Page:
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Make great food without hurting the environment

Ollie's nettle and spelt risotto with rainbow chard and cobnuts

We all know we have an increasing responsibility - obligation even - to eat as sustainably as we possibly can (and can afford).

But often, cookbooks tell us to eat things such as carrot tops, while providing few details on why it's a good idea or what they actually taste like.

Ollie Hunter, a MasterChef semi-finalist in 2013, is helping solve this conundrum and knowledge gap with new cookbook 30 Easy Ways to Join the Food Revolution.

Part fact-laden guide, part recipe collection, it's a handbook to eating, cooking, shopping and thinking more sustainably.

Hunter is well-placed to write it.

The Cornish chef and his wife Lauren run The Wheatsheaf pub in Chilton Foliat, where they serve close to 80% organic produce. It was crowned Most Sustainable Business of the year at the Sustainable Restaurant Awards in November.

Who will love this book?

Anyone who keeps looking at the Vietnamese prawns in their freezer, the imported beef in their fridge and the same old vegetables in their veg drawer and wants to make a change for the better.

Anyone who feels helpless and paralysed in the face of the global climate crisis.

Anyone who wants to support their local suppliers and producers and eat in a more environmentally friendly way.

Anyone who likes learning while they cook and eat.

It's a cookbook that'll prompt you to modify your habits in relation to the food you bring into your home and where you get it from.

Even the book itself was made ecologically, using waterless printing.

What is it trying to get us cooking?

The book has three main ideas it wants us to consider: zero waste; eating organically and seasonally; and buying 50% of your produce within 30 miles of where you live.

It's also straight-talking. there's a whole list of "facts about the world to make us feel rubbish" - and they really deliver on that, sadly.

But then Hunter leaps energetically into all the little things we can do that aren't quite so demoralising.

And the food? It all sounds delicious, from staple recipes (elderflower cordial, gazpacho, parsnip crisps, oat milk and soda bread) to waste-reducing dishes (cauliflower leaf bahjis, asparagus ends soup). There are also dishes that nudge you outside (rose petal jam, chicken and nettle pie).

How easy is it to use?

While there isn't a picture accompanying every recipe (sorry, you're going to have to go on trust to a certain extent), the recipes themselves are short and snappy.

It's likely more effort will be required to source all your ingredients (nettle gathering is a must and tracking down carrots with their tops intact can be tricky), but this will cease being an obstacle once you've got into the swing of shopping more sustainably and you've pinpointed local foraging spots.

The best recipe is...

Gnocchi with cauliflower, walnuts and blue cheese. How good does that sound? It's that, the risotto (below) or the salted chocolate orange tart.

The recipe we're most likely to post pictures of on Instagram is...

The tomato and raspberry salad. It's topped with mint and basil leaves, bright green oil and edible flowers. It's super pretty.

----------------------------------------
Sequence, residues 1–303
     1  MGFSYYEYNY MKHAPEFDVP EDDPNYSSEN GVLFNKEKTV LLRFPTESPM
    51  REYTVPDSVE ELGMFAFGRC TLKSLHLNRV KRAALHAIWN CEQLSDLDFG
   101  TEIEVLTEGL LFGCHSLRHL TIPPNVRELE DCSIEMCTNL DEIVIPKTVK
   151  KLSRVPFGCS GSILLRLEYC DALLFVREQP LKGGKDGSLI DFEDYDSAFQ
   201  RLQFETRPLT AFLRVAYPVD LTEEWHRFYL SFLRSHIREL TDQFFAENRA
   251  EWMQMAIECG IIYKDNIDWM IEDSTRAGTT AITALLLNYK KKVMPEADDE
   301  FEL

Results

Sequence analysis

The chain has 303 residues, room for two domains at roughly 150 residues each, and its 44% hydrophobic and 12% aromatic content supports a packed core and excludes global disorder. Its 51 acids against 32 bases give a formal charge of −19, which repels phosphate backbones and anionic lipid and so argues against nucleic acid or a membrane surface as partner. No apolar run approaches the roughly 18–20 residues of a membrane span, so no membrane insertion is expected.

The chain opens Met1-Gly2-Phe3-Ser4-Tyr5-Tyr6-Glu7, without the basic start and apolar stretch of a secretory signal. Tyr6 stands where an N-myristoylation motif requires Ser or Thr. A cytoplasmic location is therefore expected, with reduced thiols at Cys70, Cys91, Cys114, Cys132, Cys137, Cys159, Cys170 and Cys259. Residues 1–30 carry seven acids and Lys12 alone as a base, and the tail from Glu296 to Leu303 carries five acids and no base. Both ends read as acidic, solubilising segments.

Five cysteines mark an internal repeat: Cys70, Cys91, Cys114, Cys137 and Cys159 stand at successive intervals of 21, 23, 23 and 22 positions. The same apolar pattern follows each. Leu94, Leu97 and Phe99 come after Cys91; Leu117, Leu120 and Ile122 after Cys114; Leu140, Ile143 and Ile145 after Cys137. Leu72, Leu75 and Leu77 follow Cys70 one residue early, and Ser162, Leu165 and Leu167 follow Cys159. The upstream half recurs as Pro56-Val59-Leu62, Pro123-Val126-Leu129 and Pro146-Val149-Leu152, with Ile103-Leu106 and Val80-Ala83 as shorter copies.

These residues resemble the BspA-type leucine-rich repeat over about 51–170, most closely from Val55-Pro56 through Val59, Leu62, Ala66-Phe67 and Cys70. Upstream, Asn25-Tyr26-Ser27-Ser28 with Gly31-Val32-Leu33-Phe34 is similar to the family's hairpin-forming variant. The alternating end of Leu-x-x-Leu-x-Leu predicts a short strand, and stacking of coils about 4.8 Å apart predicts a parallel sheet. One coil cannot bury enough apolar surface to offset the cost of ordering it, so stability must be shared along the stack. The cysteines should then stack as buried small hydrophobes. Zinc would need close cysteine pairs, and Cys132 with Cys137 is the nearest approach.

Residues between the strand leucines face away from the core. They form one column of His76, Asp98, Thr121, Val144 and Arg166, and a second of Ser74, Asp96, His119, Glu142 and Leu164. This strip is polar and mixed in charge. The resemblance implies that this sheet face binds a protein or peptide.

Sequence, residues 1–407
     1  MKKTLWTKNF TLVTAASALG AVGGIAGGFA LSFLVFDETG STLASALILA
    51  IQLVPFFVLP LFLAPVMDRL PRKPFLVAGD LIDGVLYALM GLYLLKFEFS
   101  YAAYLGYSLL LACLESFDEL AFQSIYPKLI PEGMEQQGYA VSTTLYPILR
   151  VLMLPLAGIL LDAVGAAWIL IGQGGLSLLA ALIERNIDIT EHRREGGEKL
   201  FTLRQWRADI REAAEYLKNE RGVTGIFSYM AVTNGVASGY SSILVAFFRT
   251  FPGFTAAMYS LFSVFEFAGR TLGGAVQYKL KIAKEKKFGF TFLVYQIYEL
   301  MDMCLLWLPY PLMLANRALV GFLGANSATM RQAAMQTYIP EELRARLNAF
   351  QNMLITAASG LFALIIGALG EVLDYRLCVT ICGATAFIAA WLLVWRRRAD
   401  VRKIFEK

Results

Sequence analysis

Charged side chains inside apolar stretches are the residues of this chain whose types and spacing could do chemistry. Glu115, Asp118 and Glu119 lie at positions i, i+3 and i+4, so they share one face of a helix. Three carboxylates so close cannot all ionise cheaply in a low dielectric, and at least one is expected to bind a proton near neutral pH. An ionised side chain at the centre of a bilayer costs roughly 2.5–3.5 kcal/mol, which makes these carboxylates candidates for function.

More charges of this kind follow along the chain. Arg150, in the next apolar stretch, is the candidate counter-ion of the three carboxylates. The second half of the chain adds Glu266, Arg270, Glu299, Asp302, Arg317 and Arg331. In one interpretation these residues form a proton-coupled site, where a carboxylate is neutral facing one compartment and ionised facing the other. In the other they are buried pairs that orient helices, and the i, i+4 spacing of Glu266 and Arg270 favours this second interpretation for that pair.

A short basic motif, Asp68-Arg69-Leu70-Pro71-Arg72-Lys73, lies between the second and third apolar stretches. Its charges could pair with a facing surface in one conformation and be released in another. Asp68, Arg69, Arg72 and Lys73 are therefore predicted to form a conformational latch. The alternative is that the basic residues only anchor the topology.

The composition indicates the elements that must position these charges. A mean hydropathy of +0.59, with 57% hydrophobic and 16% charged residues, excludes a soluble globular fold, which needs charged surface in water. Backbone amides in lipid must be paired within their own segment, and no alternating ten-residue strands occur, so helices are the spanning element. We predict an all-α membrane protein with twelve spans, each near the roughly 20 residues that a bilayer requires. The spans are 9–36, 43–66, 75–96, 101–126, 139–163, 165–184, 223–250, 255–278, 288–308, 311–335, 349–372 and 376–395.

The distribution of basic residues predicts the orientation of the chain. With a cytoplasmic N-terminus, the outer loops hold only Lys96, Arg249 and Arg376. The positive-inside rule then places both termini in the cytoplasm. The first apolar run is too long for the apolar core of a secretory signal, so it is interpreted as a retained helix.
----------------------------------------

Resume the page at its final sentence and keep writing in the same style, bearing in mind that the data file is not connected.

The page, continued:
The dish we're least likely to try is...

The homemade paprika. Honestly, taking the time to cook red romano peppers in the oven for 10 hours and then blitzing their dehydrated forms into dust, just isn't looking likely, but at least we know it's possible.

Overall rating: 8/10

A cookbook about sustainability runs the risk of being preachy, but Hunter swerves this entirely, instead presenting us with practical, fact-based ideas to help us do our bit.

Encouraging and positive, rather than terrifying and overwhelming, it makes you want to stock up on cobnuts and nettles in bulk.

30 Easy Ways To Join The Food Revolution by Ollie Hunter, photography by Louise Hagger, published by Pavilion Books, £14.99

Ollie's nettle and spelt risotto with rainbow chard and cobnuts

What you'll need

  • 1 large bag or 2 large handfuls nettles
  • Good-quality olive oil, for frying, plus extra for drizzling
  • 2 onions, diced
  • 6 garlic cloves, diced
  • 1 leek, diced
  • Handful of parsley, stalks and leaves separated and chopped
  • 300g dried spelt grains
  • 100ml white wine or 4tbsp vinegar of your choice
  • 200g rainbow chard, roughly chopped
  • Salt

To serve:

100g cobnuts or other locally grown nuts

Roughly chopped hard cheese, grated


1. Remove nettle leaves from stems using gloves and finely dice the green stems. Leave both to one side, separated.

2. Put a large saucepan over a medium heat and add a few glugs of oil.

3. Add the diced onions, garlic, leek, parsley stalks and nettle stalks to the pan and saute until soft. Add the spelt and season with salt. Add the wine or vinegar and cook for one further minute.

4. Cook the spelt like a risotto and slowly add 1.2 litres of cold water, a ladle at a time, waiting until each addition is absorbed before adding the next. The whole process should take about 40 minutes.

5. When all of the water is incorporated and the spelt is tender, add the chopped rainbow chard, parsley leaves and nettle leaves and stir for one further minute over the heat or until the leaves have softened to your liking. Next, adjust the seasoning and add a little more water to loosen everything if needed.

6. Portion the risotto into bowls and serve scattered with chopped nuts, a final drizzle of good olive oil and some grated hard cheese.

Serves 4

Belfast Telegraph